Plus, this is the “me” century. We’re all used to being celebrities of our own lives thanks to social media.
Last year in my memoir subject, the teacher noted the difficulty of not offending or upsetting anyone when writing about your life from your own bias. I thought, sure, I could see that. But I’ve never really offended anyone, and no one’s really ever offended me enough to deserve literary revenge.
The few people I have actually disliked (either for a period of time, or the entire time I knew them) I can actually understand, or at least hypothesise, where they were coming from. One of the perks of being a writer, and my personality. So I don’t think I’d portray them in too harsh a light.
The church fellowship I attend is small. Worship is usually run by a singer and one – or, if we’re lucky, two – musicians, along with someone in charge of displaying lyrics.
This week, it didn’t quite go smoothly. Sometimes the lyrics were out of order, sometimes the guitar was louder than the singer, sometimes the congregation was off-key or sang at the wrong time. At one point the musician couldn’t find the music sheet for a song, so we ended up singing one song twice!
This is my favourite worship. When we raise up our voices and stumble, when our plans go awry and the guitarist stumbles. And when we continue anyway. Because we must. I love these moments. They make me smile, and I like to think they make God smile too.
Mum goes back into hospital today. It’s just a top-up of treatment, so nothing too terrible. In fact, it’s a lot better than some of the treatments she’s tried in the past; at least this time she won’t be to catatonic that she can’t drive and as to be signed in and out every time she wants to leave.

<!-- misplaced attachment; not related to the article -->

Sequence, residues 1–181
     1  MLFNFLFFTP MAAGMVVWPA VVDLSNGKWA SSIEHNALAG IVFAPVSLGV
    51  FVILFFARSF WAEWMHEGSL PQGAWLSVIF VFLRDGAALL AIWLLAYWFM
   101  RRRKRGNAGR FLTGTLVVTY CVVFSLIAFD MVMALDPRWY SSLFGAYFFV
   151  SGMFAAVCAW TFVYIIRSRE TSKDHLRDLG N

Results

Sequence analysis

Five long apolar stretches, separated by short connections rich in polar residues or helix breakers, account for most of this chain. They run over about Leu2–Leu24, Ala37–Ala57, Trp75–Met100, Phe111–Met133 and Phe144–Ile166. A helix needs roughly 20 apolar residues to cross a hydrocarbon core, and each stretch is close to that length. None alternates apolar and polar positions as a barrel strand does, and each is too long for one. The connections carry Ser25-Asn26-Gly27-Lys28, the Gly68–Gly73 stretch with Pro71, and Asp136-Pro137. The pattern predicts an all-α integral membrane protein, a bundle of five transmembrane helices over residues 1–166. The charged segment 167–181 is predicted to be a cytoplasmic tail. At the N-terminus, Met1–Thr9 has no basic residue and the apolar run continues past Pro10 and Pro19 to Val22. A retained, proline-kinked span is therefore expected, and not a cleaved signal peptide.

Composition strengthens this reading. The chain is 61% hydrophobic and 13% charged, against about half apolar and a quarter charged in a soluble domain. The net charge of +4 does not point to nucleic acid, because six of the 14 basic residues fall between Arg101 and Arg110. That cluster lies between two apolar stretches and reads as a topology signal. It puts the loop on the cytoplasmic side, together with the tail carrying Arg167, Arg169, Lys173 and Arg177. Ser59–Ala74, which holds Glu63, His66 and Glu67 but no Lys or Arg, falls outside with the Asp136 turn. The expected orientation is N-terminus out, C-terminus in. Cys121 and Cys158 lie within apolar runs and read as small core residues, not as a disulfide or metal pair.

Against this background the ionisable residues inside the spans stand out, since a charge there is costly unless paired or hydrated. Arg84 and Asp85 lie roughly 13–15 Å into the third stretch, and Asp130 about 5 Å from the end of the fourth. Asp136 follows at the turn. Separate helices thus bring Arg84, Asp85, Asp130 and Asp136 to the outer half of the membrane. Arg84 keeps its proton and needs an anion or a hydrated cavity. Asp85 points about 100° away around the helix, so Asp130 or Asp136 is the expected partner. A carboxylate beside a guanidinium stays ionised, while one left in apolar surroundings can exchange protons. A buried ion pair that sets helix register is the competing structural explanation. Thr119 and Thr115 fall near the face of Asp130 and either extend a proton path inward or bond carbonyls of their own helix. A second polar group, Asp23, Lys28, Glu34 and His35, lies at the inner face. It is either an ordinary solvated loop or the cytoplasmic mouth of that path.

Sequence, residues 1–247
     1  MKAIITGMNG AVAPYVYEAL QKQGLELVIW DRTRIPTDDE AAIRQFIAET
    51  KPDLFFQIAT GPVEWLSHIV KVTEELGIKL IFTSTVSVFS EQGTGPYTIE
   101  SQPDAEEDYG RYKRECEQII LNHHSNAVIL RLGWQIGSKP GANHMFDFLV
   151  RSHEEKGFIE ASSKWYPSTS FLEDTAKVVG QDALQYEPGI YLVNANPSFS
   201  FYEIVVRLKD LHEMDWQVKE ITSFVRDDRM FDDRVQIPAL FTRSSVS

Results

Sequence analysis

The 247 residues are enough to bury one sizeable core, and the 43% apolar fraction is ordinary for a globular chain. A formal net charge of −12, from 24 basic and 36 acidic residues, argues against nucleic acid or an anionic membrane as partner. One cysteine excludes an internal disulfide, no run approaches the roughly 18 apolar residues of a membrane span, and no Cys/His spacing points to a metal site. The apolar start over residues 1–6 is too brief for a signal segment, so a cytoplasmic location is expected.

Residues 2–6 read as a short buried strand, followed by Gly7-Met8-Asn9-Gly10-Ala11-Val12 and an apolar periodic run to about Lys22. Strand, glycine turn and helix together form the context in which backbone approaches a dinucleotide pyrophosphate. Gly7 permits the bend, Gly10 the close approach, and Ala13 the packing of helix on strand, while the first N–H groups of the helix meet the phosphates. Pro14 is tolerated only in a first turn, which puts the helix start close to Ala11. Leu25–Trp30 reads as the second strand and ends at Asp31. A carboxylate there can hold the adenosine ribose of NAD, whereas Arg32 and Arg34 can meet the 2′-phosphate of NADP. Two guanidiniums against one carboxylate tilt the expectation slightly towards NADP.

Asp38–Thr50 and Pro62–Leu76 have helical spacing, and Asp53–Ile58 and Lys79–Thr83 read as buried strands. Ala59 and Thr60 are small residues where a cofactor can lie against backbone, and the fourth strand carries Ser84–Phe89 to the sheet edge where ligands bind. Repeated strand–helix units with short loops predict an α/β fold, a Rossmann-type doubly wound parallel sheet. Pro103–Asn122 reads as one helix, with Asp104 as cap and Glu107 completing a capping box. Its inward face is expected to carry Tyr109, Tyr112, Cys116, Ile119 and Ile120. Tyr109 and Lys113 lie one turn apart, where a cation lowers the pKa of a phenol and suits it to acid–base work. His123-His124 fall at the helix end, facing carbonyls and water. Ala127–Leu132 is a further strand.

Mum’s getting TMS treatment for her severe depression, since the years of trying different pills have resulted in more side-effects than useful effects. TMS is an electro-magnetic treatment they do to stimulate part of the brain.
I’ve never actually seen it done (this time is only her third lot of treatment), but she’s told me that she sits back on a chair, they measure her brain and stick some wires to a particular point. Then, for the next hour or so she sits, with it tapping really quickly for ten seconds or so, then stopping for thirty seconds, then repeating. Apparently the tapping pattern is different for each patient.
The whole thing is pretty easy-going, except mum says she feels like she’s just come out of an exam afterwards. But after the three weeks of treatment, she comes home and her brain actually works! For those unfamiliar with depression, it’s got nothing to do with feeling sad or crummy all the time. It’s a bit more like feeling intensely lethargic, but worse. Horrible worse. But the TMS really helps with the “lethargic” side of it all, which in turn helps her think clearly and make healthy decisions. And decisions in general. Read whole post →